This article by Harv T Eker, the author of the Millionaire Mind looks at the way that successful investors think.
Rich people have a way of thinking that is different from poor and middle class people. They think differently about money, wealth,themselves, other people, and life. Let’s examine six crucial differences between how rich people think and how poor or middle class people think.
By doing so, you will have some alternative beliefs in your mind from which to choose. In this way, you can catch yourself thinking as poor people do and quickly switch over to how rich people think.
1. Rich People Believe “I Create My Life”
Poor people believe “Life happens to me.”
If you want to create wealth, it is imperative that you believe that you are at the steering wheel of your life; that you create every moment of your life, especially your financial life.
Instead of taking responsibility for what’s going on in their lives, poor people choose to play the role of victim. Of course, any “victim’s” predominant thought process is “poor me.” And presto, through the law of intention that’s literally what they get; “poor,” as in money, me.
Here’s some homework I promise will change your life. For the next seven days, I challenge you not to complain at all. Not just out loud, but in your head too. I’ve given this little challenge to thousands of people and several hundred have personally told me that this exercise completely transformed their lives.
2. Rich People Play the Money Game to Win
Poor people play the money game not to lose.
Poor people play the money game on defense rather than offense. Let me ask you, if you were to play any sport or any game strictly on defense, what are the chances of you winning that game? Most people agree; slim and none.
Yet, that’s exactly how most people play the money game. Their primary concern is survival and security, not wealth and abundance. So, what is your goal? What is your real objective? What is your true intention?
Rich people’s big goal is to have massive wealth and abundance. Poor people’s big goal is to have “enough to pay the bills…” on time would be a miracle! Again, let me remind you of the power of intention. When your objective is to have enough to pay the bills, that’s exactly how much you’ll get; just enough to pay the bills and usually not a cent more. You get what you truly intend to get.
3. Rich People Are Committed to Being Rich
Poor people are uncommitted to being rich.
Most of us have good reasons as to why it would be wonderful to be rich, but what about the other side of the coin? Are there reasons why it might not be so great to be rich or go through the process of trying to get rich?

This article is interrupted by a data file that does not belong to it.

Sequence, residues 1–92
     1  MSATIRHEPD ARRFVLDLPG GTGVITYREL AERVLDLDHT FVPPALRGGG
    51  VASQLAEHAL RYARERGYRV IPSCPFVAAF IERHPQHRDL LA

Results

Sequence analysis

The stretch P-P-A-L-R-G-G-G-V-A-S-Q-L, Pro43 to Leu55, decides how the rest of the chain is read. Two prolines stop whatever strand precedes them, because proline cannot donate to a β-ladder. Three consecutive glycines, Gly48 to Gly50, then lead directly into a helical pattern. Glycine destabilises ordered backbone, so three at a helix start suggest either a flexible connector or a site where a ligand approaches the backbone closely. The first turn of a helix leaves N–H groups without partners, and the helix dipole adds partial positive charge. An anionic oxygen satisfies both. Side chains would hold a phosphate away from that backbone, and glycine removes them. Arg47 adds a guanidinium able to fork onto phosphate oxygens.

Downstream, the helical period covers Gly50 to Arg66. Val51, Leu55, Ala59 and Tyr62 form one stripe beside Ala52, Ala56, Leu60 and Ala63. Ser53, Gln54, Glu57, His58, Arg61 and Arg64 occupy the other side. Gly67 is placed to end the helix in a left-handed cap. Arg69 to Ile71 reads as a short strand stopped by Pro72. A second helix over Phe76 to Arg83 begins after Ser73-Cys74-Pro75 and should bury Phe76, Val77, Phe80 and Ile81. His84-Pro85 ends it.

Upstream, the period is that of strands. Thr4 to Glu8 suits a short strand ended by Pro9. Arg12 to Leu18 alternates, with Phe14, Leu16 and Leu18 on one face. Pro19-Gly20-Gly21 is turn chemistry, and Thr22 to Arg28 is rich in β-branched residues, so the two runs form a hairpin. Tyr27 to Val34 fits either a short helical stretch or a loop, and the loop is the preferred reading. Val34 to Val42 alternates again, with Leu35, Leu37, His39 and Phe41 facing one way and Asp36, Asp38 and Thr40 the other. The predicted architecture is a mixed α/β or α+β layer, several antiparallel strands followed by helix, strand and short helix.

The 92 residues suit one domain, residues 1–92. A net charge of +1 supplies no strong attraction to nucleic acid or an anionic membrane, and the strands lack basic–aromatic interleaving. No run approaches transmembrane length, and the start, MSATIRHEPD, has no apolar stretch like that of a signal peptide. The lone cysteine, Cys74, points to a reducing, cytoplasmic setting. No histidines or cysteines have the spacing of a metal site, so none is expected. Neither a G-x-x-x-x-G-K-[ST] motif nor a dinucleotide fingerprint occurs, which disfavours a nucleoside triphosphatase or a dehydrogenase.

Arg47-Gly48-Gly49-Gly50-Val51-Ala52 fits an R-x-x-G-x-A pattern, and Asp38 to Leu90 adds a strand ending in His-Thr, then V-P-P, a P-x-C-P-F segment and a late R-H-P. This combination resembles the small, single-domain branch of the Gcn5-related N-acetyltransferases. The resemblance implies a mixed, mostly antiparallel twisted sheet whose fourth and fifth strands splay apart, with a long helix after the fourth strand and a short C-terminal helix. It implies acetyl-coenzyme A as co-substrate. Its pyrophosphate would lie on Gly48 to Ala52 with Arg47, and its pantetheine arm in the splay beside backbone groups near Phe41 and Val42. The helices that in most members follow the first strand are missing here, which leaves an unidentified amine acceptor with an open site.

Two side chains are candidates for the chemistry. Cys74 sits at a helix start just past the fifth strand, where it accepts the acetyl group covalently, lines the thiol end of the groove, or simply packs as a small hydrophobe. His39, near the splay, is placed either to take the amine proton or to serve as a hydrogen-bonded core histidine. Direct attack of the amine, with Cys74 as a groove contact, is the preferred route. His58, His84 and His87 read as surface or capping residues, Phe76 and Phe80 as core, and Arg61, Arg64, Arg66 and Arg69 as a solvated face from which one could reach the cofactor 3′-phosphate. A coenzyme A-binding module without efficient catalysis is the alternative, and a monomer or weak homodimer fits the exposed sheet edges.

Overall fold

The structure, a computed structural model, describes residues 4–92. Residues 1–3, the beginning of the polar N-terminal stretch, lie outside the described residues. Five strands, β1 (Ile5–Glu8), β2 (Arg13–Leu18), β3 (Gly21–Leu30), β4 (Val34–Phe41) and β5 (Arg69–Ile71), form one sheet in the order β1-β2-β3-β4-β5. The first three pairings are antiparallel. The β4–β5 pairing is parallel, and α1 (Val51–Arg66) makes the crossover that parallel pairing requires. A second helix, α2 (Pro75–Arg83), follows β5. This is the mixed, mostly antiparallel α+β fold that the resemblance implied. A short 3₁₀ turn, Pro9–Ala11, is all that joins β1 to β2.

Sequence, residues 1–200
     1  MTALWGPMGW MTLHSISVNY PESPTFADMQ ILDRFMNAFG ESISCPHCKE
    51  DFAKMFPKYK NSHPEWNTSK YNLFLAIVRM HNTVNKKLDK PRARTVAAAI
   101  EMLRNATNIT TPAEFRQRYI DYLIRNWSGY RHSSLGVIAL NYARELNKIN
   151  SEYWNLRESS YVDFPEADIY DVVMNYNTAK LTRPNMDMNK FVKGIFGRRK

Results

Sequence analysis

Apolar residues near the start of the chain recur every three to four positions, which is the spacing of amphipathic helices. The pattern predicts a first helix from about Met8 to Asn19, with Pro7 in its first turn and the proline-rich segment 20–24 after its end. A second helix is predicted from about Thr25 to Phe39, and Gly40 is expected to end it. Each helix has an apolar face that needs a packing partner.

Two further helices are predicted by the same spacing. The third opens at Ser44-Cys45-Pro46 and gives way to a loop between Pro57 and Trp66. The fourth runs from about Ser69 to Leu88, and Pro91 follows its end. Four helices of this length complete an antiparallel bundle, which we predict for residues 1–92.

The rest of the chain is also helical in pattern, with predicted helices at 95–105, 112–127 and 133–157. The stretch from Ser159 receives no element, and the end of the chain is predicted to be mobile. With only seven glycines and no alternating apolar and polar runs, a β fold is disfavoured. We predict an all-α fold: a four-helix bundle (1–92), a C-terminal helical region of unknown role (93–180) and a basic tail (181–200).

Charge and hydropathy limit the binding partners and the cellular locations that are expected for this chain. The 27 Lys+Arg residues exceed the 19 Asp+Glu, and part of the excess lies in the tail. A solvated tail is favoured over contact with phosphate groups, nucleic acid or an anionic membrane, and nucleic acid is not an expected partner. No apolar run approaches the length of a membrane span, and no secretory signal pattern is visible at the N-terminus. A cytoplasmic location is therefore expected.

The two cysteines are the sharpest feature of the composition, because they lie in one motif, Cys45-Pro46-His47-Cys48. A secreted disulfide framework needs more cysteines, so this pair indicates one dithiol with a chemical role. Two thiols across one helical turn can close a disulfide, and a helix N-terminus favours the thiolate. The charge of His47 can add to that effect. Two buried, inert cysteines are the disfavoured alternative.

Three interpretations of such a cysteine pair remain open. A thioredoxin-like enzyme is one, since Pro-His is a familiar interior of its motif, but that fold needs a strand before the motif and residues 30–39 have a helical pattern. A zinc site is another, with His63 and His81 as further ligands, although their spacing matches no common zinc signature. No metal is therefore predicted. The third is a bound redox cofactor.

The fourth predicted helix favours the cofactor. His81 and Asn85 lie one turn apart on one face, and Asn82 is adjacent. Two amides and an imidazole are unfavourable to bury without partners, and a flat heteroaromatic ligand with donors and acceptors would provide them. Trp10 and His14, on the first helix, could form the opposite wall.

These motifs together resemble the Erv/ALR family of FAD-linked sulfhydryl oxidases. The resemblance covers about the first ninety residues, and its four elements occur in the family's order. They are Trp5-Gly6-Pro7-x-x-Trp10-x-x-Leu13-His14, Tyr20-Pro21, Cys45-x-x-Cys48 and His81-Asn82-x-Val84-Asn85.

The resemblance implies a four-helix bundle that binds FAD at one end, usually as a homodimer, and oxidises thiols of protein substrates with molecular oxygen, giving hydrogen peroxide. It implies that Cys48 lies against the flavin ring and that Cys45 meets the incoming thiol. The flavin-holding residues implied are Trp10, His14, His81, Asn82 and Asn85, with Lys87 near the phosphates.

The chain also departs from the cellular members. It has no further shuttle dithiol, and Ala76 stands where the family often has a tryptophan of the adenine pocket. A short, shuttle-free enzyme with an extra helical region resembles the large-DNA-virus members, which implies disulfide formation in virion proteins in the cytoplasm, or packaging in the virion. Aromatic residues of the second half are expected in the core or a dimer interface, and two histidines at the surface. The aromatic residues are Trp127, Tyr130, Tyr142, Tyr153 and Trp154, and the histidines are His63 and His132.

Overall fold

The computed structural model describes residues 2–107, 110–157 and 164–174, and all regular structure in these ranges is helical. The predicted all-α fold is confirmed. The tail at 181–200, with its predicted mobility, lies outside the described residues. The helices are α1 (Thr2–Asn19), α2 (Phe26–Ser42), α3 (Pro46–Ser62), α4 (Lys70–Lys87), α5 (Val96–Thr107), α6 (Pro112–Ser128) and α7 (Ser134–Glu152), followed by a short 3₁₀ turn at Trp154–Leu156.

Each of us has a file on wealth in our mind. This file contains our personal beliefs that include why being wealthy would be great. But for many people, their file also includes information as to why being rich might not be so great. These people have mixed internal messages around money and especially wealth. These mixed messages are one of the biggest reasons that most people never become rich.
In fact, the #1 reason most people don’t get what they want is they don’t know what they want. Rich people are totally clear they want wealth. They are unwavering in their desire. They are fully committed to creating wealth. They will do “whatever it takes” to have wealth as long as it’s moral, legal and ethical. Rich people do not send mixed messages to the universe. Poor people do.
I hate to break the news to you, but getting rich is not a “stroll in the park.” It’s takes focus, expertise, 100% effort, and “never say die” perseverance. You have to really commit to it, both consciously and subconsciously. You have to believe in your heart you can do it and you deserve it. If you are not fully committed to creating wealth, chances are you won’t.
4. Rich People Think Big
Poor people think small.
We once had a trainer teaching at one of our seminars who went from a net worth of $250 thousand to over $600 million in only 3 years. When asked his secret he said, “Everything changed the day I began to think big.”
Another way of understanding this is to answer the following question: How many people do you actually serve or affect?